THE BLUE+GOLD OPPORTUNITY PLAN
NOVEMBER 18, 2010
The Blue and Gold Opportunity Plan is a UC financial aid program intended to expand access to the
university for lower-income students by establishing a minimum level of grant aid for undergraduates
with financial need and household incomes of less than $70,000 ($80,000 beginning in 2011-12).
HOW DOES IT WORK?
• For California residents whose families earn less than $70,000 ($80,000 beginning in 2011-12)
and who qualify for financial aid, the Blue and Gold Opportunity Plan will fully cover UC’s
systemwide fees. Qualified students must be in their first four years of attendance (first two
for transfer students).
• The Blue and Gold program provides a minimum amount of grant money that students can
receive. Students with sufficient financial need can qualify for even more grants to cover other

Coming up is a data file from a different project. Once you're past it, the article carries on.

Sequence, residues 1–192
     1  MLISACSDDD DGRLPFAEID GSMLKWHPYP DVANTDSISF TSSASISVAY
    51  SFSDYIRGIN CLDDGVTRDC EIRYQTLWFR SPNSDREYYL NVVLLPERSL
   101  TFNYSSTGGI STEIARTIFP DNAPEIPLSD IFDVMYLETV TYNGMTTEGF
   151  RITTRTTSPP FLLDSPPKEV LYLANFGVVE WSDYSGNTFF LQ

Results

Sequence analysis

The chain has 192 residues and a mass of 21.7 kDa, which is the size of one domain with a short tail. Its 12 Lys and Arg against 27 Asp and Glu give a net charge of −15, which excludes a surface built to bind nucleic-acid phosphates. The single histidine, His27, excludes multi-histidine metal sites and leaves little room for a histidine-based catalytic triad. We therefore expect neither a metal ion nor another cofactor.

educational expenses, such as room and board, books, and transportation. UC currently provides
grant and scholarship assistance averaging $12,787 per student to more than half of
• The financial aid estimators available at www.universityofcalifornia.edu/admissions/paying-for-uc/
financial-aid can give families a better idea of the total amount of financial aid they might expect
to receive based on their unique circumstances.
HOW DO STUDENTS APPLY?
• Students should file the Free Application for Federal Student Aid (FAFSA) and Cal Grant GPA
Verification Form by March 2 of the year they plan to enter the university in order to qualify for
the Blue and Gold Opportunity Plan and to receive the highest possible financial aid award. No
separate application is needed for the Blue and Gold plan; students will receive the benefits
automatically if they qualify.
WHY DID UC CREATE THE BLUE AND GOLD OPPORTUNITY PLAN?
• Although the university already offers a robust financial aid program and enrolls more
low-income students (more than a third of all undergraduates) than any other top research
university, President Mark Yudof spearheaded this plan out of concern that UC needs to do more
to convey a simple but powerful financial aid message that would encourage more low-income
students to apply.